Marie Kondo is hot right now and for some, her explanation of “sparking joy” really works.  But if this language or concept doesn’t work for you, why not use my Rate it an 8 or more method instead.  When you’re considering a purchase – ask yourself – would I rate it an 8, 9 or 10 out of 10 or not?  If the answer is only a 7, 6, 5, 4 (or lower) then put it back.  Why would you want to take something home that isn’t great?  You are better than 2nd best or 3rd best, or plain NQR (not quite right).  There are lots and lots and lots of clothes out there to choose from (the world is your oyster these days with the abundance of internet shopping options, you’re no longer stuck with what you can find in your location).    Keep your money for something you love rather than something that isn’t going to make you happy in the long run.

5. Create Your Purchasing Decision Graphic

Many of us can be quite visual, and having a visual reminder of what’s important to you could be as simple as this decision graphic below.


Example purchasing decision graphic for clothes.
Here’s an example of a simple purchasing decision graphic – with one word reminders of what is important to you when shopping for clothes.


Here we have in the middle a style recipe – BOLD, SIMPLE, COMFORT – these are the main ingredients (what they mean is something that you may have fleshed out like this).

Then there are the 3-5 things in the top row of hearts:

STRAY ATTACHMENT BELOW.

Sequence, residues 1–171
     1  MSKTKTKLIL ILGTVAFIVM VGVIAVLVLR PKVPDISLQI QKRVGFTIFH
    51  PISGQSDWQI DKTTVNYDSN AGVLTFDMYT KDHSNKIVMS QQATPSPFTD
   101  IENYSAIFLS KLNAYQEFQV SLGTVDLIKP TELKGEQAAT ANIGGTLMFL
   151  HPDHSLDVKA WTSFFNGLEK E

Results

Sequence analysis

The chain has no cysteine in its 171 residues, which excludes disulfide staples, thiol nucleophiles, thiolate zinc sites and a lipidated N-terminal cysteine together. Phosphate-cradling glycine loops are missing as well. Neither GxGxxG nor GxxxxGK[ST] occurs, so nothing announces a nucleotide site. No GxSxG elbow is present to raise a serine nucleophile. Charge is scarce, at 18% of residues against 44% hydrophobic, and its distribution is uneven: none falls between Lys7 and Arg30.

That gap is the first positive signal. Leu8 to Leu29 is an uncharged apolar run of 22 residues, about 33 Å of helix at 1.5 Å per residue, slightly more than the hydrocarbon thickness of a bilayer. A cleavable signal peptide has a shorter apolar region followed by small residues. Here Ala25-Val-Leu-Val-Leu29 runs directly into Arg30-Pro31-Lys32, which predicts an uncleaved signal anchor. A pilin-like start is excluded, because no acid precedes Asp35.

• Design aka shape of garment that flatters your body
  • Colour and contrast that flatters
  • Fit (so often ignored when purchasing) yet is frequently the difference between what you wear and what sits in your wardrobe rarely if ever worn
  • Feel – what does it really feel like on?  Is it comfortable, does the fabric feel nice?  Does it bind, itch or scratch?  Is it enjoyable to feel?

Then on the bottom row, there are values 

  • Is it good value, how will it be of service and value in your wardrobe?
  • Is it versatile?  Can it be dressed up and down? Does it work with multiple other items already in your wardrobe?
  • Is it a wardrobe gap?  Don’t buy anything that doesn’t fill a hole.

A simple decision graphic like this helps to remind you in the heat of the moment when you may be influenced or swayed by others or the tricks retailers use to get you to buy, to stay true to yourself and your personal style.

Rather than keeping on making the same mistakes over and over, or using someone else’s formula or the latest “must have list” for putting an outfit together, it’s time to develop your own decision graphic to keep you on the right track.

Further Reading to Help You Make the Best Purchasing Decisions

Get onto the Style Highway and Out of Your Style Rut with 3 Essential Questions

How to Build a Future Focused Wardrobe

Tips on How to Cultivate Your Style

How Do You Know When You’ve Found the One (and should stop looking)

How to Find and Develop Your Unique Style


How I Helps Clients Shop Smarter By Simply Making a Simple Purchasing Decision Graphic


I'm not sure if it's for you but how would you feel if you learned all about the colours and styles of clothing that suit your individual personality, shape and style? Just imagine what it would be like when you can open your wardrobe and pull together fabulous outfits that make you look and feel amazing every day? If you'd like to stop wasting money on the wrong clothes and accessories plus join an amazing bunch of very special women also on their style journey - then my 7 Steps to Style program is right for you. Find out more here.

More from Imogen Lamport

Body Proportions Explained – Small Bust but Long Decolletage

One of my lovely readers asked that I post something to help...
Read More

Leave a Reply

Your email address will not be published. Required fields are marked *